Tick-borne rickettsial pathogens in ticks and small mammals in Korea

Chul Min Kim, Ying Hua Yi, Do Hyeon Yu, Mi Jin Lee, Mae Rim Cho, Atul R. Desai, Smriti Shringi, Terry A. Klein, Heung Chul Kim, Jin Won Song, Luck Ju Baek, Sung Tae Chong, Monica L. O'Guinn, John S. Lee, In Yong Lee, Jin Ho Park, Janet Foley, Joon Seok Chae

Research output: Contribution to journalArticle

111 Citations (Scopus)

Abstract

In order to investigate the prevalence of tick-borne infectious agents among ticks, ticks comprising five species from two genera (Hemaphysalis spp. and Ixodes spp.) were screened using molecular techniques. Ticks (3,135) were collected from small wild-caught mammals or by dragging/flagging in the Republic of Korea (ROK) and were pooled into a total of 1,638 samples (1 to 27 ticks per pool). From the 1,638 tick samples, species-specific fragments of Anaplasma phagocytophilum (1 sample), Anaplasma platys (52 samples), Ehrlichia chaffeensis (29 samples), Ehrlichia ewingii (2 samples), Ehrlichia canis (18 samples), and Rickettsia rickettsii (28 samples) were amplified by PCR assay. Twenty-one pooled and individual tick samples had mixed infections of two (15 samples) or three (6 samples) pathogens. In addition, 424 spleen samples from small captured mammals (389 rodents, 33 insectivores, and 2 weasels) were screened for selected zoonotic pathogens. Species-specific DNA fragments of A. phagocytophilum (110 samples), A. platys (68 samples), E. chaffeensis (8 samples), E. ewingii (26 samples), E. canis (51 samples), and Rickettsia sp. (22 samples) were amplified by PCR assay. One hundred thirty small mammals had single infections, while 4, 14, and 21 striped field mice (Apodemus agrarius) had mixed infections of four, three, and two pathogens, respectively. Phylogenetic analysis based on nucleotide sequence comparison also revealed that Korean strains of E. chaffeensis clustered closely with those from China and the United States, while the Rickettsia (rOmpA) sequences clustered within a clade together with a Chinese strain. These results suggest that these agents should be considered in differential diagnosis while examining cases of acute febrile illnesses in humans as well as animals in the ROK.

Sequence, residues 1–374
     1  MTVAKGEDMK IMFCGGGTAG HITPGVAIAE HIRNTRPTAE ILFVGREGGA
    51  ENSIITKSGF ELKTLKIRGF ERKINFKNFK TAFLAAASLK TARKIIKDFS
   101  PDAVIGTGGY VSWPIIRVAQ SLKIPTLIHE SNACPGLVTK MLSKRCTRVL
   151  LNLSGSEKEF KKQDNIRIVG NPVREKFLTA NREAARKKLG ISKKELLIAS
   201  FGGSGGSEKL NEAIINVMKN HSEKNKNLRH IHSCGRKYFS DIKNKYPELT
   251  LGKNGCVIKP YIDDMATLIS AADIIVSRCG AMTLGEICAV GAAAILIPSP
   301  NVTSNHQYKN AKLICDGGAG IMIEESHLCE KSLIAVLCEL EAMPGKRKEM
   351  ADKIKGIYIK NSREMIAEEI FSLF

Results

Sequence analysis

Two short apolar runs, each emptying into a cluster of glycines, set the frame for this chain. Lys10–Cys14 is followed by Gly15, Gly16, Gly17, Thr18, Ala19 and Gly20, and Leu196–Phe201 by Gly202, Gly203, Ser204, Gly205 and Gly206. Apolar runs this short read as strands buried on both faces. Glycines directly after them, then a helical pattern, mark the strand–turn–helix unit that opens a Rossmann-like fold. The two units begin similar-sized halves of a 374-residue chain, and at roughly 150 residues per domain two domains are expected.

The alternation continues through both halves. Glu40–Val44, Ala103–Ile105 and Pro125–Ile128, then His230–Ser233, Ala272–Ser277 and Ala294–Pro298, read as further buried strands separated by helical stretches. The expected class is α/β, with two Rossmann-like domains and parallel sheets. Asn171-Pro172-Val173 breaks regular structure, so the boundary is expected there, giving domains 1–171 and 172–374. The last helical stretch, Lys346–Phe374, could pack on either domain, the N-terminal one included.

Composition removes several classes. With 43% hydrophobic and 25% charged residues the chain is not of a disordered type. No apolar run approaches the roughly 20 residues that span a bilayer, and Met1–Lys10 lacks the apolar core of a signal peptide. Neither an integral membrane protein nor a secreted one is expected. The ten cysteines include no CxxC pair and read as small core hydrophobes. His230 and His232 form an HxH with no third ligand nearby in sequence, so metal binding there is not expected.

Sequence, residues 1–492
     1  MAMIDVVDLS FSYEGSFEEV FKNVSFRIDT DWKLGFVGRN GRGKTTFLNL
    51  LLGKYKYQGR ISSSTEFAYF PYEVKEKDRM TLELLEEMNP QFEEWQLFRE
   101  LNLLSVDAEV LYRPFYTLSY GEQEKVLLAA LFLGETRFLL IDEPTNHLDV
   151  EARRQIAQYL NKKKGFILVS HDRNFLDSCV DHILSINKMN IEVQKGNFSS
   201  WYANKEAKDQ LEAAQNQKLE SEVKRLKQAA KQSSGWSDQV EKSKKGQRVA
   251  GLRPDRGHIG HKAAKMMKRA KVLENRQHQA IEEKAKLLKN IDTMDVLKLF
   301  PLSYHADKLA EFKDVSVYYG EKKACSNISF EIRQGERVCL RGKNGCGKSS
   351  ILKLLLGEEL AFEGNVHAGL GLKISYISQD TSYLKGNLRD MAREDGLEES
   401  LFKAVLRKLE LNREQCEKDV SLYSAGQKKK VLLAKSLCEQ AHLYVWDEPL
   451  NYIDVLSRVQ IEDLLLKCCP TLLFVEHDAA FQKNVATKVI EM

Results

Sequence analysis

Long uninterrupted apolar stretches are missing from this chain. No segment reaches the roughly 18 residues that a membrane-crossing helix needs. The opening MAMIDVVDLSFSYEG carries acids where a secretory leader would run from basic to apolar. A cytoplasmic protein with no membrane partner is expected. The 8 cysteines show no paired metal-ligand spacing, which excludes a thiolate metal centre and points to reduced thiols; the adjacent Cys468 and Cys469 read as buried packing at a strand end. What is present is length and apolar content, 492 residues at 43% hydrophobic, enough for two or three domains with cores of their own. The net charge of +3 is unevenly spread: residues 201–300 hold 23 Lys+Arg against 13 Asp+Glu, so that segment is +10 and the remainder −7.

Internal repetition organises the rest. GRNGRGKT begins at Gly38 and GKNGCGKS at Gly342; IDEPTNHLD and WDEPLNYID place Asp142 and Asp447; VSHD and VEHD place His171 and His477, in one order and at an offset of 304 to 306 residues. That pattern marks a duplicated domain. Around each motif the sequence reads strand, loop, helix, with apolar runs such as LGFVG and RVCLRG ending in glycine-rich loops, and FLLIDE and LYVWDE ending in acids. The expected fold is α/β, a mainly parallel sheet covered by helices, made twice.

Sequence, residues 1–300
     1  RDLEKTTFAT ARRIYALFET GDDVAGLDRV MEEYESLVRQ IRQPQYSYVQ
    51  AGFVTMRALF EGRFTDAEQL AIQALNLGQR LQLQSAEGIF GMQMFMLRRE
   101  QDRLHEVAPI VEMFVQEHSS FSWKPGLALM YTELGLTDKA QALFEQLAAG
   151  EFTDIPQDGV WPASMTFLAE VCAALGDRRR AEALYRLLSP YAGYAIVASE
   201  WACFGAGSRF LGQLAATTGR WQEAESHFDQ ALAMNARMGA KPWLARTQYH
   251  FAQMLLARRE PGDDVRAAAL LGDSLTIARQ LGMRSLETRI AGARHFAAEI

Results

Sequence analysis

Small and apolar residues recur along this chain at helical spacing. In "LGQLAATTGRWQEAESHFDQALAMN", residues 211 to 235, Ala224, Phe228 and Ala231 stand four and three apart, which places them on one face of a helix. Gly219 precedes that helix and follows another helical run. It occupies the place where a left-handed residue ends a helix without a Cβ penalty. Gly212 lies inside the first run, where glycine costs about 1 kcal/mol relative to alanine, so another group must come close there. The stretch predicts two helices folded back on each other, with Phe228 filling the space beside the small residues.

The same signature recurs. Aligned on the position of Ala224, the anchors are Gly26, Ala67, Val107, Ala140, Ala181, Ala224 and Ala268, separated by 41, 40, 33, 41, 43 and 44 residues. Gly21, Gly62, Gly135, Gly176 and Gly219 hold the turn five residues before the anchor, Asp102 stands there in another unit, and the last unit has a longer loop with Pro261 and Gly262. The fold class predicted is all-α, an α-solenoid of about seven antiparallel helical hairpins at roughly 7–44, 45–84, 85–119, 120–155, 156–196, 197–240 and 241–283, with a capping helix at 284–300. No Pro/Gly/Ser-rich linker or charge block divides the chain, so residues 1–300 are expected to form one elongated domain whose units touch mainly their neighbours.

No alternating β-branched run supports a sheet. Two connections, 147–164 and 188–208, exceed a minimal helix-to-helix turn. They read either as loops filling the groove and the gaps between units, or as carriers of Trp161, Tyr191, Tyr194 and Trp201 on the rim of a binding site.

Original languageEnglish
Pages (from-to)5766-5776
Number of pages11
JournalApplied and Environmental Microbiology
Volume72
Issue number9
DOIs
Publication statusPublished - 2006 Sep 1

ASJC Scopus subject areas

  • Environmental Science(all)
  • Biotechnology
  • Microbiology

Fingerprint Dive into the research topics of 'Tick-borne rickettsial pathogens in ticks and small mammals in Korea'. Together they form a unique fingerprint.

  • Cite this

    Kim, C. M., Yi, Y. H., Yu, D. H., Lee, M. J., Cho, M. R., Desai, A. R., Shringi, S., Klein, T. A., Kim, H. C., Song, J. W., Baek, L. J., Chong, S. T., O'Guinn, M. L., Lee, J. S., Lee, I. Y., Park, J. H., Foley, J., & Chae, J. S. (2006). Tick-borne rickettsial pathogens in ticks and small mammals in Korea. Applied and Environmental Microbiology, 72(9), 5766-5776. https://doi.org/10.1128/AEM.00431-06